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Why did I become a rheumatologist?

Why did I become a rheumatologist?

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In the last week, I've actually been asked twice as to why I picked rheumatology as a specialty. Rheumatology has a low profile and most people I meet have no real idea as to what it involves.

I was a basic physician trainee at the Royal North Shore Hospital in Sydney in 1999 & 2000, when I was trying to decide on my specialty. I was considering cardiology but decided I did not like the vibe and the humans in that department.

In no particular order, the reasons I decided to train as a rheumatologist were:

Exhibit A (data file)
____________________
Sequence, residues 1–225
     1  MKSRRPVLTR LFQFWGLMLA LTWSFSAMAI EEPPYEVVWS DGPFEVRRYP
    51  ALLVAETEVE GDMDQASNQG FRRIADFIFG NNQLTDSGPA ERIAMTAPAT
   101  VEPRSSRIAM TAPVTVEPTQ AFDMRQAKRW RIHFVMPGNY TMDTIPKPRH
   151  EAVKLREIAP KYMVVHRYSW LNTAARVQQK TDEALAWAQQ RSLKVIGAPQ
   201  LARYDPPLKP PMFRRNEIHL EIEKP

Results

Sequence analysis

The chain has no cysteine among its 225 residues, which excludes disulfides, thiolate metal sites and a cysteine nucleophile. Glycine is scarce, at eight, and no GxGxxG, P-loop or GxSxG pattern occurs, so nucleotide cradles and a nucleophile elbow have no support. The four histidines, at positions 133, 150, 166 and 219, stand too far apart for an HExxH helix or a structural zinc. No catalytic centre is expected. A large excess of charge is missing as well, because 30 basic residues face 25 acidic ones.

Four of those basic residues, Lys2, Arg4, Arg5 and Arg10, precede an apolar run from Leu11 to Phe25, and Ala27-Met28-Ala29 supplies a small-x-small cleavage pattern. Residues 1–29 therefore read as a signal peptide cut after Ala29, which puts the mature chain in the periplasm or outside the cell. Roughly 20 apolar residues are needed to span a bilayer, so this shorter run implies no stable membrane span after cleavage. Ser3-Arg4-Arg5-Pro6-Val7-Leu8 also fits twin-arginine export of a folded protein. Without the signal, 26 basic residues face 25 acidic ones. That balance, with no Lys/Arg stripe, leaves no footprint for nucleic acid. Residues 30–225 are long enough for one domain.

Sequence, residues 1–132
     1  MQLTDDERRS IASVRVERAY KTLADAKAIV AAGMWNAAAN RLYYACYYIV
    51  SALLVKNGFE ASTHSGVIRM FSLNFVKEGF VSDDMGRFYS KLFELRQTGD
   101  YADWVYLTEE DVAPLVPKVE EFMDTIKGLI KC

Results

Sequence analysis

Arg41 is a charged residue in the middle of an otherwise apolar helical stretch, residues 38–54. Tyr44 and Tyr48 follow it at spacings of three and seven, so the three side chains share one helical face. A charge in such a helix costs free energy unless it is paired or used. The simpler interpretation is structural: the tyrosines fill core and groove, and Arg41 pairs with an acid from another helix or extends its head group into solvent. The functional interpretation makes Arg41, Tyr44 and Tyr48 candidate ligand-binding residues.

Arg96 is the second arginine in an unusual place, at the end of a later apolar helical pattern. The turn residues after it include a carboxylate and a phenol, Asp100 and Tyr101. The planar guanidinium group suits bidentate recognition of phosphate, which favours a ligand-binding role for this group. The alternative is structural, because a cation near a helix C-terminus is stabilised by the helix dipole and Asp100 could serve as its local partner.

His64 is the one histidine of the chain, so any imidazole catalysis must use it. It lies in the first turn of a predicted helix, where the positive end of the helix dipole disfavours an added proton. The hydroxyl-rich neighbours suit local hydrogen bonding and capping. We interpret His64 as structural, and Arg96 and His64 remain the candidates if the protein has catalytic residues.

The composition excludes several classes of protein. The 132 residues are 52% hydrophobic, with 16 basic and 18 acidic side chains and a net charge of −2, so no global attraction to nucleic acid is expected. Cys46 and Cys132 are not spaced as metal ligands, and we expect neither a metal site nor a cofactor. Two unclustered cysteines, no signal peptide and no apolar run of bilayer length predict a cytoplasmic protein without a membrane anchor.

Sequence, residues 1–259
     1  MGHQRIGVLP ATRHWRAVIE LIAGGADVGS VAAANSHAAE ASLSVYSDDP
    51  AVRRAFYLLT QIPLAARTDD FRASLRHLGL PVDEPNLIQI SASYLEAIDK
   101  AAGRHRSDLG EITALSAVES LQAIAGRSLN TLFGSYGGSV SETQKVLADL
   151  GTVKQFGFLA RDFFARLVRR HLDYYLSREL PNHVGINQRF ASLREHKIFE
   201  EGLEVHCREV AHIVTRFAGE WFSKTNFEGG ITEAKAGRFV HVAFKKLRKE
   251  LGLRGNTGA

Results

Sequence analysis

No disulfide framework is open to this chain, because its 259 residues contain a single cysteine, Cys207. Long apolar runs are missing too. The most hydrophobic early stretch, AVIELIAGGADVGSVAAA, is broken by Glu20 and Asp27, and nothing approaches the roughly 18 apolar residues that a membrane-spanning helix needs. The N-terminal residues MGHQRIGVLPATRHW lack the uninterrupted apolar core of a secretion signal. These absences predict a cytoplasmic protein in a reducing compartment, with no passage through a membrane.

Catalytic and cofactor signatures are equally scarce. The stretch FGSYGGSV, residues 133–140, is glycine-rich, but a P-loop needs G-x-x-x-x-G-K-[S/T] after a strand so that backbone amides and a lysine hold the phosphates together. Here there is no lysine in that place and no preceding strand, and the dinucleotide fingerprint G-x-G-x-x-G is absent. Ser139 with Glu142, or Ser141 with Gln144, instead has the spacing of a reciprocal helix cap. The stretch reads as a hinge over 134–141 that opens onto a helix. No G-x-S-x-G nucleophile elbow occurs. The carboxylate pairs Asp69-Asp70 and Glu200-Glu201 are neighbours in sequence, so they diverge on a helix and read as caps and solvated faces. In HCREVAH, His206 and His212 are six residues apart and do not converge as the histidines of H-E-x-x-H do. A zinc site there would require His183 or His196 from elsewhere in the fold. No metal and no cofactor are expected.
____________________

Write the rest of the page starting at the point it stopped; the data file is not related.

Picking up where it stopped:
• I rotated into a term in the rheumatology department and found I liked the patients a lot, and I liked the fact that good, long-term relationships could be formed.
  • Most rheumatologists seemed friendly and superficially at least, collegiate and non-competitive.
  • I decided I had enough of hospital bureaucracy & wanted a specialty that was outpatient-based.
  • Being a lazy gen-X'er, I decided I did not want on-call work & wanted a specialty allowing better work-life integration.
  • Most non-rheumatologists know so little about rheumatic disease that it’s relatively easy to be an “expect” in this discipline.
  • It was clear that new “tech” was coming to rheumatology that would change things in a big way so the timing was good. In my 1st year as a consultant in 2004, we were given access to PBS-subsidised biologics.

It’s been a great decision for me. I love what I do and it has provided a clear purpose, for myself and BJC Health.

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